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Getting Grants
by Jerry Brant

How to Get Your Hands on Stimulus Money

By Jerry Brant 


Photo Jamie Thompson 
Related Resources:
 Stimulus funding: What you need to know

CDBG program Web site
An infusion of stimulus money into a 35-year-old federal program may bring new funding opportunities to the fire service. Under the $787 billion economic stimulus package, an additional $1 billion has been added to this year's Community Development Block Grant program — and your department could be eligible to apply.

This is a 27 percent increase over the previous year's allocation, according to John Laswick, a Community Development Specialist with the Department of Housing and Urban Development, which administers the program.

Since 1974, the CDBG program has provided grants to eligible units of general municipal government for a wide range of activities that facilitate revitalization of local communities. In recent years competition for these funds has intensified as needs have increased and other sources of funding have diminished. But fire and EMS departments have successfully accessed the program to assist them in financing a number of qualified projects.  

As with other stimulus funds, Laswick said, the federal government wants to put this money to use as quickly as possible. He said he expects the program announcement to be made late this month or early April. Grantees will then prepare an action plan amendment; HUD will expedite the processing of these plans, execute grant agreements and make the funds available to the grantees. HUD is looking for eligible projects that can be advertised for bid and be under contract within 120 days.  

Public services
Up to 15 percent of CDBG money may be used by municipalities for public services, which includes fire, police and EMS as well as areas such as daycare programs and public health centers. If you are interested in accessing this funding, you should initiate dialogue with your state, county, or local planning or development agencies without delay.

Because this program is being treated as an amendment to the community's existing action plan, the local municipality may not be required to hold public hearings on its intended use of these new funds. In other words, if you don't approach your local government with your new request it may simply develop its CDBG action plan amendment from leftover projects that could not be funded in the past.

Here's what you should be doing:

  • Start by determining the amount of increased funding your municipality will receive this year. 
  • Next develop a list of possible initiatives you would like to present for consideration by your local government. While doing this, please keep in mind the 15 percent limitation on spending for public services and the 120 day time limitation for securing bids and signing a contract that HUD has imposed.
  • Then create a short program narrative in letter form. This should include a brief description of the project, including a schedule of activities, a project budget, and a concise narrative describing the benefits the community will obtain from your project.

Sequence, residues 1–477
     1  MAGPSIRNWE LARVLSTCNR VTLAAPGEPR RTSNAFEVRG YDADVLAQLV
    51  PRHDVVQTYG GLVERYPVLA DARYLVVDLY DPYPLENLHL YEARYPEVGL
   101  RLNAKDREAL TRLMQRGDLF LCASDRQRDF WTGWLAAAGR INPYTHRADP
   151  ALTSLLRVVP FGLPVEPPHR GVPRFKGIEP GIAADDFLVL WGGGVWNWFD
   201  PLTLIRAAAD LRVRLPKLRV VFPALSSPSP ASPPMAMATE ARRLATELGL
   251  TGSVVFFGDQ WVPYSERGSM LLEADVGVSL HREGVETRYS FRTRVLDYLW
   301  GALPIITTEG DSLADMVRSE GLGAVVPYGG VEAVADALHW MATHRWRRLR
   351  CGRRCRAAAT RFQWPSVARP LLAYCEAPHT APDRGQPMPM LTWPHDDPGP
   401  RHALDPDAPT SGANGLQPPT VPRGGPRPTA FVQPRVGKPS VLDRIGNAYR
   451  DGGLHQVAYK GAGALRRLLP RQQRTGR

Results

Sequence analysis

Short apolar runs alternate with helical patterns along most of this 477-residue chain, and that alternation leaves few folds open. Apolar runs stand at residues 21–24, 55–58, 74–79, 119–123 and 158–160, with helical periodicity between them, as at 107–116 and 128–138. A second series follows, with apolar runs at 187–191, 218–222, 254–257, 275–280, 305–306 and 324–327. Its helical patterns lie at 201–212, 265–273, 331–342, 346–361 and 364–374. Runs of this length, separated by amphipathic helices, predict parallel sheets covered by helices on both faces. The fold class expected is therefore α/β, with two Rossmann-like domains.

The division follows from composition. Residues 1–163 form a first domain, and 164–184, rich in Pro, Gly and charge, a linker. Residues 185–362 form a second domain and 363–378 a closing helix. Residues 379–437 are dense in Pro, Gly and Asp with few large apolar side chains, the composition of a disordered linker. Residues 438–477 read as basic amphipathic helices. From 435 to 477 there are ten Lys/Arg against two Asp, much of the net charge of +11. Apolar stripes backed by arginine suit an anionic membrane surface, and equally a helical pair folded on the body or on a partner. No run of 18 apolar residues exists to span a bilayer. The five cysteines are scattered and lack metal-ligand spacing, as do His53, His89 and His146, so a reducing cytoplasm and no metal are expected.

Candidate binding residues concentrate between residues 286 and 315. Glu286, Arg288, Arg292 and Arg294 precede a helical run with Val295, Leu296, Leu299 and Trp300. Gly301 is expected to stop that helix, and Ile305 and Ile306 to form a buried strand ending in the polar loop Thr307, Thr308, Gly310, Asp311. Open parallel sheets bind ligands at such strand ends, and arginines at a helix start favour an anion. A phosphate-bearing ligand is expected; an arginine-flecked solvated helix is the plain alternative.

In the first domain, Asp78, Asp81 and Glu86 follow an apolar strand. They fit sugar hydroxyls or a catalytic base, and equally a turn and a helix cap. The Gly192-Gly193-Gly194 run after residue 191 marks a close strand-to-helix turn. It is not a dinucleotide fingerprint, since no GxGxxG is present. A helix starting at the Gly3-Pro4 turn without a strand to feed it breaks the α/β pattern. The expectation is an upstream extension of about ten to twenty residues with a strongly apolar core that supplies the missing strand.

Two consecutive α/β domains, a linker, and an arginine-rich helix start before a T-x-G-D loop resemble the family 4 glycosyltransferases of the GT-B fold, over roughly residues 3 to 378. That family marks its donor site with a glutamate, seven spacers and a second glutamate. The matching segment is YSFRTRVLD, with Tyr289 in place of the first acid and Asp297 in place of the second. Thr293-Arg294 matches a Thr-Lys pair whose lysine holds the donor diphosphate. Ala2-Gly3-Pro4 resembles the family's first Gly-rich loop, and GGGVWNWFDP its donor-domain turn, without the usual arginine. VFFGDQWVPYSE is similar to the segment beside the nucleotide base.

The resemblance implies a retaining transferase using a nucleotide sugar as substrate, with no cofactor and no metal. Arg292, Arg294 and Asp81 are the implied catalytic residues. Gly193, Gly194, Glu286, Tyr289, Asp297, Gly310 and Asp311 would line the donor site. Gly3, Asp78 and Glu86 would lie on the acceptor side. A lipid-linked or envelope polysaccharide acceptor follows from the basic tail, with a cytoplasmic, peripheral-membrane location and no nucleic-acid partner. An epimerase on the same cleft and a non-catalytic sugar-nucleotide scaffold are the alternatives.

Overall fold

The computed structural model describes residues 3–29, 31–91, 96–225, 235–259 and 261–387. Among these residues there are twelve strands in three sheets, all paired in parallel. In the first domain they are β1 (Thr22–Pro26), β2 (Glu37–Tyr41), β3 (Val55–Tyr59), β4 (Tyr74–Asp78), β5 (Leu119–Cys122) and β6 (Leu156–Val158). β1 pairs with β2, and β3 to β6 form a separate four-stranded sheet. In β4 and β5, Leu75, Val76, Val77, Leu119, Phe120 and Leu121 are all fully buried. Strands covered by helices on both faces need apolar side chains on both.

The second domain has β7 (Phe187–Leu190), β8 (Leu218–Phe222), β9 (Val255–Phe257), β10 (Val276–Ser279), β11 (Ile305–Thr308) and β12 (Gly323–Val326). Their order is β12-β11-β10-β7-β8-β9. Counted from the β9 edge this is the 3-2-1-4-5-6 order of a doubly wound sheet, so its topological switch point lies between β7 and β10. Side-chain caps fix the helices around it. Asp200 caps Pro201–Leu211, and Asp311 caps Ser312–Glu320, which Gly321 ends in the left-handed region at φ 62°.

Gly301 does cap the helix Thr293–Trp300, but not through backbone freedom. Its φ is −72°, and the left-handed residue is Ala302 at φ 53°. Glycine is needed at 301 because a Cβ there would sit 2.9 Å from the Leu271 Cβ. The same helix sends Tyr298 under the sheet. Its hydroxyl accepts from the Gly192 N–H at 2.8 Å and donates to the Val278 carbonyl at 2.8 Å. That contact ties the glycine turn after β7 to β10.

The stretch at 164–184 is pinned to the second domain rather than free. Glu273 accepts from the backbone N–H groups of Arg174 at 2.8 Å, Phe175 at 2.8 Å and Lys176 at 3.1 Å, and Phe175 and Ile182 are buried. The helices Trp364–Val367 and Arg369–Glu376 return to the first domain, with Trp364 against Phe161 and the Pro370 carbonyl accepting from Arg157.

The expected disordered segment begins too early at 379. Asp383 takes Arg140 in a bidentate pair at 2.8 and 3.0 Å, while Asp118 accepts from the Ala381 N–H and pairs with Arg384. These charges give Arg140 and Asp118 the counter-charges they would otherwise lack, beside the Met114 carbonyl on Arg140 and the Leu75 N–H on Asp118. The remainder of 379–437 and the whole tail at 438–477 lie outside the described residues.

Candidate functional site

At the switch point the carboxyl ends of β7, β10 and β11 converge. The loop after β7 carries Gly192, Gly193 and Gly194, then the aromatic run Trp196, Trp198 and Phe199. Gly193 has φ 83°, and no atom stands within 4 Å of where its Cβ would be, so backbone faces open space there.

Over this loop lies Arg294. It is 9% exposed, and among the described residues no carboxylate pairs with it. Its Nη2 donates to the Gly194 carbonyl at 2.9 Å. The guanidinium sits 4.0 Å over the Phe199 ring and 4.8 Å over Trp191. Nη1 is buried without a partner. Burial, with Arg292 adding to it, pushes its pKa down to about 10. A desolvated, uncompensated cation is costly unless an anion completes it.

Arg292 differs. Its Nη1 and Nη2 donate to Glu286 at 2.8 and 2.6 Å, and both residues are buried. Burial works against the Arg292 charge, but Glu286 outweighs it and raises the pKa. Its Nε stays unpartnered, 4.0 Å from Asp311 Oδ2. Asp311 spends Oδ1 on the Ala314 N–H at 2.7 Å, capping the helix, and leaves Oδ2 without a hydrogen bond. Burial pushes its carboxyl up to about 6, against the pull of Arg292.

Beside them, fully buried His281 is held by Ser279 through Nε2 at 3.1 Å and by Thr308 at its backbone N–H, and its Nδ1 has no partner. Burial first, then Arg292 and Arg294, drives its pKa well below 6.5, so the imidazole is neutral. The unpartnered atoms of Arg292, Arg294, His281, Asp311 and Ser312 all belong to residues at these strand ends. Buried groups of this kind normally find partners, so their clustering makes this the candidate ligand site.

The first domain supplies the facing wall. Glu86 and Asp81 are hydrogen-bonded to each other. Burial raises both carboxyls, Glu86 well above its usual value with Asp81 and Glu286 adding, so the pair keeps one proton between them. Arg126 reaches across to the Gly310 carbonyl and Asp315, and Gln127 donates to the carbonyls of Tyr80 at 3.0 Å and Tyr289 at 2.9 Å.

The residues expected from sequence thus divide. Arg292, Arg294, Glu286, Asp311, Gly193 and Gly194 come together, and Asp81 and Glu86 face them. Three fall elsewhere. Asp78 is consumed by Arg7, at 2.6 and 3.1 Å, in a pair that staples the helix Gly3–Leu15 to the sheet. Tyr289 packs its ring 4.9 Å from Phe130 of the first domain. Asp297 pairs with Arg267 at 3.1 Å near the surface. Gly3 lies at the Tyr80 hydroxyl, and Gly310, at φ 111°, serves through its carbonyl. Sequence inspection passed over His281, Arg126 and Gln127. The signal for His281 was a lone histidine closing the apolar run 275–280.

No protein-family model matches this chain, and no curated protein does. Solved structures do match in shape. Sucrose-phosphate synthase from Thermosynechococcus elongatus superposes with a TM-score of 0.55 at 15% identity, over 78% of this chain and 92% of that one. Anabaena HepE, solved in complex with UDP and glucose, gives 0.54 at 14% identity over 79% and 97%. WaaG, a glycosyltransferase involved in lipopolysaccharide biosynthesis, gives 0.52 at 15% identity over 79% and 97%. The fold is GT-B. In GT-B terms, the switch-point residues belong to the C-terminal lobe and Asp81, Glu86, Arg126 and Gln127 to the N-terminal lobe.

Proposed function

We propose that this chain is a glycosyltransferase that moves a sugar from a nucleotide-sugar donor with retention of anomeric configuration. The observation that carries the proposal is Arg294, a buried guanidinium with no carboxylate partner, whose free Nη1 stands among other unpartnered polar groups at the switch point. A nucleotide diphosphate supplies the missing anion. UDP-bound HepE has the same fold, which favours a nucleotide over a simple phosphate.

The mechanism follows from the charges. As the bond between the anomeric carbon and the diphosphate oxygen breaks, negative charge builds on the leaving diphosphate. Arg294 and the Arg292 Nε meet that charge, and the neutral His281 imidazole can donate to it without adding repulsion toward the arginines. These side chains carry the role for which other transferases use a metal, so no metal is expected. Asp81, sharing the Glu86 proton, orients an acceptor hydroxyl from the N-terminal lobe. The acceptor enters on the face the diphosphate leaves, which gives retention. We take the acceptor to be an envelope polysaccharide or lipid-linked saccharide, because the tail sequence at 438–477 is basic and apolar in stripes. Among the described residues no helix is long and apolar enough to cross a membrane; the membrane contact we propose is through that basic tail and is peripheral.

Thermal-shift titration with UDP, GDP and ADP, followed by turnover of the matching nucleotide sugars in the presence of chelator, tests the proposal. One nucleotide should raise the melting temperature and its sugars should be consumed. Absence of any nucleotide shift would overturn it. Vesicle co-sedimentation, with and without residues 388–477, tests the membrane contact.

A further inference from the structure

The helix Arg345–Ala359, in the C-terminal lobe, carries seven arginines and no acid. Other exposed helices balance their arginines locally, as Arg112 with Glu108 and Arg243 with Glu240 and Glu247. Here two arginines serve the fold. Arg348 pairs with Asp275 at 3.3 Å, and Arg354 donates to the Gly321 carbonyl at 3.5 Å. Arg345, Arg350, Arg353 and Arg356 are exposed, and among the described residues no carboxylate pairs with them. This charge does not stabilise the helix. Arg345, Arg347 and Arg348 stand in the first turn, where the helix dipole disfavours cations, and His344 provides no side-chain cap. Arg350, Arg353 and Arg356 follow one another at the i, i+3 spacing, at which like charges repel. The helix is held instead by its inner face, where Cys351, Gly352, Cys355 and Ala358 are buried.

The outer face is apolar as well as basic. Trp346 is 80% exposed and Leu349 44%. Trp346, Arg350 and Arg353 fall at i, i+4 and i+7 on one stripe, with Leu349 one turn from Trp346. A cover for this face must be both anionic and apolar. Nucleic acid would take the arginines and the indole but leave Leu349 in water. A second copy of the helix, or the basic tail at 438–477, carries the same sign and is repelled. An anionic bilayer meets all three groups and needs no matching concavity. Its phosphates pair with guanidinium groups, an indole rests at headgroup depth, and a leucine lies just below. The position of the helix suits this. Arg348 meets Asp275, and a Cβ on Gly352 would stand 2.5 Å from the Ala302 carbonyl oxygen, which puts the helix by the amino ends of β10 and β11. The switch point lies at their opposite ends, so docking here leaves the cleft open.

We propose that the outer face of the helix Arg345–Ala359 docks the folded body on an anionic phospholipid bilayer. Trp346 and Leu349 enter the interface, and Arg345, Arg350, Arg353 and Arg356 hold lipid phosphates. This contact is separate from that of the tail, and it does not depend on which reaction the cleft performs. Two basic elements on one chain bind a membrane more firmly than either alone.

• Once completed, promptly deliver this letter to the appropriate person in your municipality in order to be considered for this opportunity. During this visit, take a minute to inform them about your request and inquire if your municipality is having a public hearing for the CDBG process. If they are, attend this meeting and get your request on the public record.
  • By the end of this process, you should have some idea if your project will be considered for inclusion in the community’s action plan amendment to HUD.

If this seems like a lot to accomplish in a short period of time, just consider it another normal day in the fire service. You can't afford to overlook this opportunity because I doubt that we will see anything like it in the near future.

Success story
One example of departments benefiting from the program in the past is the DuBois Fire Department in Pennsylvania. The department protects the city of DuBois, operating out of five stations with 462 volunteer firefighters.

"Over the years, the department has accessed the CDBG program to purchase new apparatus, to build new fire stations, and to buy new SCBA," said Mayor Herm Suplizio. The mayor knows first hand the difficulties volunteer departments have in raising sufficient funds; he is also a member of the DuBois Fire Department and served as its chief for two years.

The fire department and the city have a policy of replacing one of the department's six engines every five years. In order to accomplish this objective, a portion of each year's CDBG funds are designated for apparatus replacement.

Last year, the department bought a new engine that cost almost $500,000, with the majority of this money coming from the CDBG program. The mayor says the city has already completed its 2009 CDBG "action plan," and included in the proposal is funding for a new ramp at its Third Ward Fire Station. "CDBG has helped us to do a number of projects that we never would be able to do on our own," Mayor Suplizio said.

About the author

Jerry Brant is a Senior Grant Consultant and Grant Writer with FireGrantsHelp and EMSGrantsHelp. He has 40 years of experience as a volunteer firefighter in rural west central Pennsylvania. He is a life member of the Hope Fire Company of Northern Cambria, where he served as chief for 15 years. He is currently an active member of the Patton Fire Company #1. For 20 years, Jerry was employed as the executive director and then president of a small non-profit community development corporation. Jerry has successfully written more than $52 million in grant applications and proposals. Jerry can be reached at Jerry.Brant@FireGrantsHelp.com.


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